Manifesto for a professional permaculture

Climate change, peak energy, economic crisis, social inequalities, political crises, loss of biodiversity… The world is now on the cusp of upheavals that will have a profound impact on the way we produce, consume and our way of life. Who can predict when and how these changes will affect our planet and our daily routines? However, we are already sure of one thing: The world as we know it today will experience dramatic changes.

Sustainable development, which aims to achieve a long-term balance between the environment, economy and social issues, is not sufficiently ambitious to address all of these changes. We therefore need to already lay the foundations of an ecological transition if we don’t want to deal with the disturbances when it’s already too late.

The transition initiative was launched in 2006, and several countries around the world have begun to take an interest in ecological transition. In 2012, France launched a multi-stakeholder consultation, the “Grenelle of the Environment”, to take long-term decisions for environmental protection) but the results of these consultations have not met expectations.

The transition concept advocated by Rob Hopkins is inspired by permaculture and has been designed according to this paradigm. This explains why permaculture is at the heart of the transition town project.

In light of its importance, ecological transition needs to be handled with care and professionalism. Even if large segments of the population adhere to the transition concept, in reality very few people are living according to its precepts , in large part because there are insufficient numbers of permaculturists and labourers to meet their needs. The only way to help people to take their first steps towards a transition is by implementing a professional permaculture. This will help to advocate the concept and provide those interested in adopting it with the services they need to embrace this approach. It would also help permaculture professionals to diversify their sources of income, and would allow them to make a living in activities that do not involve farming their own land and provide mentorship and training to others.

As things currently stand, permaculturists face far from ideal conditions, as the majority of them are unable to develop their expertise and make a living from it. The need in aggradation and promotion of the territories on the one hand, and individual demands on the other hand, provide the perfect conditions to begin offering permaculture services to different segments of the population. However, one of the biggest challenge that permaculturists need to overcome is the absence of an overarching professional structure.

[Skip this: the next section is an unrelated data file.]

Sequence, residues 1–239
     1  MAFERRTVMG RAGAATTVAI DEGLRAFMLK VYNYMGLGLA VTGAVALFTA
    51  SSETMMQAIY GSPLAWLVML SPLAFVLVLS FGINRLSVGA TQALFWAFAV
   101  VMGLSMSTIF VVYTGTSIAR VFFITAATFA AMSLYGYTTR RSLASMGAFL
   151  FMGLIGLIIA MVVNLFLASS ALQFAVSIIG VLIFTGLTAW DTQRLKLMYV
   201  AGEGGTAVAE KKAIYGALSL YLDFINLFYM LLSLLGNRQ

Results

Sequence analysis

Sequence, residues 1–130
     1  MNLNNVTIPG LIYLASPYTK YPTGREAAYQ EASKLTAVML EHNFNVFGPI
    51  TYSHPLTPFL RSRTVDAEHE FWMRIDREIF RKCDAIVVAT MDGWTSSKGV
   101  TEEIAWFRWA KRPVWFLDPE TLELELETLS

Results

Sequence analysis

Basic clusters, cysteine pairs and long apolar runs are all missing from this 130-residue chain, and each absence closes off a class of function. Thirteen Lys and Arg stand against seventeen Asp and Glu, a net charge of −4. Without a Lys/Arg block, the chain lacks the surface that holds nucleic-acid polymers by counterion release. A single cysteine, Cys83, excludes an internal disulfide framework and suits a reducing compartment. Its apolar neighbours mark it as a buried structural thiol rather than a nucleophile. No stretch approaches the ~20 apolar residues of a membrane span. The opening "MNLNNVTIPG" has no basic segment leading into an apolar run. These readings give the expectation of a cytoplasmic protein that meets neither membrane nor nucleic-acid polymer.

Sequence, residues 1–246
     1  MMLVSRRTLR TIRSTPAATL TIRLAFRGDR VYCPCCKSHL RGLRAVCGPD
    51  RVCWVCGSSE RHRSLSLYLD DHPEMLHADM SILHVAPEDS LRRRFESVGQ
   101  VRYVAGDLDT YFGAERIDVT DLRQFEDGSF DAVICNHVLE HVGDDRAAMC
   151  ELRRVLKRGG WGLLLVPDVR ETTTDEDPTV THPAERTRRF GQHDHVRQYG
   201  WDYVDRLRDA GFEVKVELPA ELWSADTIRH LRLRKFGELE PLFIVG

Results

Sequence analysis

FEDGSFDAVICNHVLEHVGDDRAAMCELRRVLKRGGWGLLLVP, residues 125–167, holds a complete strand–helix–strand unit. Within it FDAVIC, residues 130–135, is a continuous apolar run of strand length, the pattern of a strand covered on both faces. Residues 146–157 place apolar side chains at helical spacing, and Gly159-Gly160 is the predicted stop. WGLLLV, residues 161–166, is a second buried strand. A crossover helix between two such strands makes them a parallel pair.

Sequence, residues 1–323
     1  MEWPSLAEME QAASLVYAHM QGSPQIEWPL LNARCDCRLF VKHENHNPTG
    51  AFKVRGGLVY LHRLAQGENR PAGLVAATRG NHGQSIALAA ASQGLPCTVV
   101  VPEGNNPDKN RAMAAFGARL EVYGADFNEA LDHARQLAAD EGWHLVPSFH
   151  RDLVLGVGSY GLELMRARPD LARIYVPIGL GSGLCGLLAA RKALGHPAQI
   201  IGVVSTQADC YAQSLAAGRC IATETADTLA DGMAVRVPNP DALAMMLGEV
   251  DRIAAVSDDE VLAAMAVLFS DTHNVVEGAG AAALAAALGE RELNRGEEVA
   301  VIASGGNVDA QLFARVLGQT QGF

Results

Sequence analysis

Professionalizing permaculture does not imply that participants will be in competition with one another, regardless of whether they are professionals or amateurs. The approach is to create a common structure focused on meeting client needs and ensuring they are satisfied with the end result. A professionalized permaculture will need to adopt a more self-centred practice, designed for the satisfaction of the permaculturists themselves. However, it is important to emphasize that this self-centred and non-professional approach will be working to achieve a common good.
Recognition of permaculturists will enable them to gain a professional status. This is important as little consideration is nowadays given to activists and volunteers working in associations, that are passionate about their work, but whom are categorized as people that don’t generate an income as they don’t have a professional activity. This is not necessarily incompatible with an ethical approach to permaculture, nor is it focused on profit, as it is sometimes even provided free of charge. People should also be free to define when it’s appropriate to start a gainful activity to fulfil their needs and wishes.

The professionalization of permaculture has already begun, especially with respect to training. However, the certification process is not the ‘be all and end all’ of: A certificate is not necessary or enough to be a professional permaculturist. It just reflects that someone has the basic knowledge required to practice permaculture, and acknowledges a willingness to learn and to be recognized.